The Advertising-Tech War Continues

The advertising world is already throwing a tizzy based on the decisions that Apple and Google have made around cookies; so much so that the big boys are rolling their own add solutions (“What’s a monopoly?” newsletter #61). Recently, both sides upped the ante. Google announced that they would stop selling ads based on tracked website views, and Disney announced their own ad platform. Actually, both announcements are deeper than that.

Of course, Google isn’t going to do something that harms its business — and its business is advertising. Targeted advertising. The removal of third-party cookies could easily be seen as a monopolistic move largely motivated by increased regulatory scrutiny. They’re doing a good job of positioning this latest move in the same way: it’s part of their “privacy first future”. But, you can bet your bottom dollar that they wouldn’t be going down this path if they didn’t have a solution that would meet advertisers needs, and it appears they do in “Federated Lerning of Cohorts”. In tests they’ve been running, they show that this type of advertising is at least 95% as effective at conversion as cookie-based advertising. And of course, they’re the ones with this technology. So, they’ve shut down the ability for third-parties to track with cookies, and they’re launching their own replacement that is just as effective. Moreover, don’t be confused: this is just as much an invasion of your privacy as the old methodologies. By definition, any technology that provides the same degree of psychological mapping to get you to buy what the advertisers want you to buy is problematic. In fact, it may be much worse, because it’s so much more subtle.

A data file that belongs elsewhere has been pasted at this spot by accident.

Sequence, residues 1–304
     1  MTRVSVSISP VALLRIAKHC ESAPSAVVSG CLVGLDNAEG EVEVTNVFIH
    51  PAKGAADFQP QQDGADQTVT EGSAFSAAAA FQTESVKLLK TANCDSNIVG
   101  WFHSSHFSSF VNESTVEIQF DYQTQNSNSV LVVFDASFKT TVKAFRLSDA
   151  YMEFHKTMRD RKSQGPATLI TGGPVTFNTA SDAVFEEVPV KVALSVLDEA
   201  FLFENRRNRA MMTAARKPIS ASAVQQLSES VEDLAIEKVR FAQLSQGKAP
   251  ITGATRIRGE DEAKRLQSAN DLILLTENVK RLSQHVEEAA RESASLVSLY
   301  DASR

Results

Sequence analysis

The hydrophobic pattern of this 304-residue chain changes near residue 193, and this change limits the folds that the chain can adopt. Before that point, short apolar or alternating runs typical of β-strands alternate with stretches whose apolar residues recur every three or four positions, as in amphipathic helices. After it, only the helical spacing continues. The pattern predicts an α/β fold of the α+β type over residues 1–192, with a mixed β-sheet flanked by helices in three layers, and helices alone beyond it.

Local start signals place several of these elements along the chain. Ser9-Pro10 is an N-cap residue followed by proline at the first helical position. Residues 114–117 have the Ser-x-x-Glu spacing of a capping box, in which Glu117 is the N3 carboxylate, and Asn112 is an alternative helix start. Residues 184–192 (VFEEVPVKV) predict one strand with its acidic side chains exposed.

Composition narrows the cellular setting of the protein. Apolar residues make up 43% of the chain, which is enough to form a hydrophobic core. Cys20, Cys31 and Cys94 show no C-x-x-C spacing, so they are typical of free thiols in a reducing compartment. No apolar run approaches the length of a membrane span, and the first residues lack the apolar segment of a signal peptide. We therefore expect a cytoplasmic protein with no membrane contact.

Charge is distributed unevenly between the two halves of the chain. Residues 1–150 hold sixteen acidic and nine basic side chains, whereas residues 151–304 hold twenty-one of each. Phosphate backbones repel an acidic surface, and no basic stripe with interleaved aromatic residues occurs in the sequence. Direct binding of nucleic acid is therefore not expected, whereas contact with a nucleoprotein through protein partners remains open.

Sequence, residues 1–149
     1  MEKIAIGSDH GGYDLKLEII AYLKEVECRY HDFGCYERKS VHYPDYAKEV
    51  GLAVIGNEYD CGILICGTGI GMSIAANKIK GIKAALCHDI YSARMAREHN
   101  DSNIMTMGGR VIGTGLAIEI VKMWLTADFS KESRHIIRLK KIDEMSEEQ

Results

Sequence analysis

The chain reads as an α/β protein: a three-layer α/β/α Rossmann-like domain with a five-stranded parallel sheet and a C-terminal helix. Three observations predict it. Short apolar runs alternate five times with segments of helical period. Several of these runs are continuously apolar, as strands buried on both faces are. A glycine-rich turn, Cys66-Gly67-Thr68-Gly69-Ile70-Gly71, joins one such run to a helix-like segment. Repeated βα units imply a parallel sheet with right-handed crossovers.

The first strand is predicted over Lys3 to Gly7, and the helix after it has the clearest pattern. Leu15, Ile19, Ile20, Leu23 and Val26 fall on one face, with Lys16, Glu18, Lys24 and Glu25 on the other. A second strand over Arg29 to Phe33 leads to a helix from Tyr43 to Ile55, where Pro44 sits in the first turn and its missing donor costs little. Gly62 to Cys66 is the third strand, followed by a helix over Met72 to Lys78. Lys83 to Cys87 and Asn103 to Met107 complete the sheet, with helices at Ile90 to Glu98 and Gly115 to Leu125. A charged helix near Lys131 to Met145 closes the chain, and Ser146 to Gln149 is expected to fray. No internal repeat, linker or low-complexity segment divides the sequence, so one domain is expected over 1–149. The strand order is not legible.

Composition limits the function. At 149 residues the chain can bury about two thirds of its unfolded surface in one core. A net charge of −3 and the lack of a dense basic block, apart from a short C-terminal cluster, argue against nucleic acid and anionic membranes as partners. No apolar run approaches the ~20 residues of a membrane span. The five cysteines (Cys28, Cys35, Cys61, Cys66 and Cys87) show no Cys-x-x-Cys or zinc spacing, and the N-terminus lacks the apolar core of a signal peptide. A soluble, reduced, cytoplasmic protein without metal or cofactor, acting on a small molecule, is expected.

Meanwhile, on the other side of the equation, we have Disney. Just like the New York Times in that newsletter #61 article, they’re big enough to roll their own advertising tech — and they are. And big. Some of the headlines around this, for example, “Disney Advertising unveils realtime ad exchange”, while technically true, really miss the point. This is the point: “Construction and implementation of a unified advertising infrastructure where every conceivable campaign approach can be purchased and carried across all of Disney’s ad-supported services is well underway.” Disney wants at least half of their ad sales to be automated in the next 5 years, and that means cross-channel: linear (traditional broadcast TV), connected TV, and online; and it includes all of their platforms — not just Disney+, but ESPN and Hulu. This is a big deal. And it plays to both sides. Traditional advertisers on linear don’t like the digital products (“Advertiser Perceptions research on video,” newsletter #64); programmatic buyers don’t currently have access to linear content. This is a big win for both sets of advertisers.

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Chris Richardson has strong opinions on just about everything. Just ask.